A main goal of the TRACTION project is to support social transformation of inequality, using technology to help diverse communities across the European Union participate in the creation of opera. To support artistic co-creation with these communities, we are developing the Co-Creation Space (CCS), a platform that supports professionals and community members from diverse backgrounds to engage in creative discussion about media in a “safe space.”
In the first year, we gathered an initial set of technology requirements, following a process which focussed on user needs to develop the first iteration of the tool; which included personas, use cases, storyboards, and wireframes. The initial prototype of the tool allowed users to create an account, explore posts, create media posts, and comment on other user posts. After its development, we tested the usability of the CCS in a pilot activity with LICEU trial users in Barcelona that included Sínia creatives and students from the Escola Massana design school.
In the second year, we went through another user-centred design process, improving the tool based on feedback from two open pilots (a completed pilot with 13 INO participants from a composition workshop, and an ongoing open pilot with 199 choral participants from LICEU). To complement the feedback from these pilots, we held 5 codesign sessions with 25 participants to gather user requirements regarding privacy, smart upload and commenting/editing features, and a narrative summary tool. Participants included TRACTION partners, INO open pilot participants, and HCI designers.
We designed the CCS functionality for the second year based on these requirements and tested the usability of the second iteration with 10 choral participants from the open pilot carried out at LICEU.
The timeline below shows our user-centred activities for the first two years. These include two rounds of requirement gathering, design, new feature development, and two evaluations. The second year includes an open pilot with the Irish National Opera, that occurred between March and June 2021, and an open pilot with the LICEU, which began in October 2021, and will run until June 2022.
Co-creation Space Timeline For Year Two. As with the first year of the development of the CCS, we went through an iterative requirement gathering and design process to develop a second set of functionalities for year 2.
Sample Miro board from the editing codesign summary. Ideas for audio editing tools from different participants are represented through sticky notes and comments.
The co-design sessions lasted approximately two hours and were conducted over Zoom. Each codesign session consisted of an overview of the Co-creation Space, an introductory discussion, followed by co-design sessions in small groups. After this, groups presented their ideas to one another, and had a final discussion about Co-creation Space requirements. The image above shows how co-design participants generated ideas for requirements by adding sticky notes and comments to a virtual Miro board.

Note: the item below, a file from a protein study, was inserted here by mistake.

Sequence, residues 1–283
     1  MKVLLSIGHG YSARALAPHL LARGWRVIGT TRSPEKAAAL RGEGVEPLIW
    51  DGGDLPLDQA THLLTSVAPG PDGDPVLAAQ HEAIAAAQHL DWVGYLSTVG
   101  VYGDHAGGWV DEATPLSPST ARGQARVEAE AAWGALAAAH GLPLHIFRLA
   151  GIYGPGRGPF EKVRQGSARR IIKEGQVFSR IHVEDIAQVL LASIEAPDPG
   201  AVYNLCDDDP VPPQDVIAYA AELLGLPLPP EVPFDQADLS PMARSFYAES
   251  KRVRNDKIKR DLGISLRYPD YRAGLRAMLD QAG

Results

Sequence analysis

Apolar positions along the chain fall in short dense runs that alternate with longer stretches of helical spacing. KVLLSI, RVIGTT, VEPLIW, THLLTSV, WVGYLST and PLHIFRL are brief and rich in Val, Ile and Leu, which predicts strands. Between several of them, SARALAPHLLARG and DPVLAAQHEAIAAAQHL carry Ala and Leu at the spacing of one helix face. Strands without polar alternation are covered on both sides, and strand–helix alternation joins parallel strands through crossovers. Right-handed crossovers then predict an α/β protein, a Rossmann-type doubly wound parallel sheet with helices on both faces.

The initial requirements gathered during these sessions were reviewed by trial leaders during three feedback sessions, which resulted in a final list of requirements for the Co-creation Space. Based on these requirements, we created and implemented a set of interface designs for the tool. These included 1) a hierarchy of privacy and an interface to set user permissions, 2) a personal activity page that includes drafts and media pinboard, and 3) new smart upload and editing features for images and videos.
We tested the second year functionality with ten ten participants from the open pilot at the LICEU opera house in Barcelona. During approximately an hour, users assessed the usability of the Co-creation Stage’s new features through four guided tasks.
In the first task, participants were asked to log into their account and update their interests and permission settings. After this, participants opened a personal activity page called “My Space,” and added an image to a media board (similar to Pinterest). Finally, participants created a new post and uploaded images and videos, interacting with new drawing and chapter creation functionality.
At the end of the study, we gathered open-ended feedback on the value of the new functionality in the context of the LICEU open pilot experience (e.g. How does the process you just experienced with the CCS compare to your current experience during the open pilot? How does it compare to other platforms?).
A LICEU choir member participating in the usability pilot activity
Overall, our study findings were positive and constructive. Participants found the new functionality clear and easy to use, and felt safe using the CCS, although they saw it as a professional tool rather than a personal social tool. In addition, participants were impressed with the media boards, drafts, image editing and video highlight features. Users also provided valuable feedback about the design of the tool; they pointed out some names and icons that were not clear, and wanted the interface to look more artistic. They also suggested new features that could improve the tool; such as being able to save posts, filter comments, share media folders organised by group leaders, use a chat feature, and login without a password.
We will incorporate this feedback into our next iteration of the Co-creation Space, with the plan of giving LICEU pilot participants access to the valuable new features. Our work shows the importance of user-centred research; through the process we are able to better understand the needs of TRACTION community members, so that the tool can support future co-creation activities.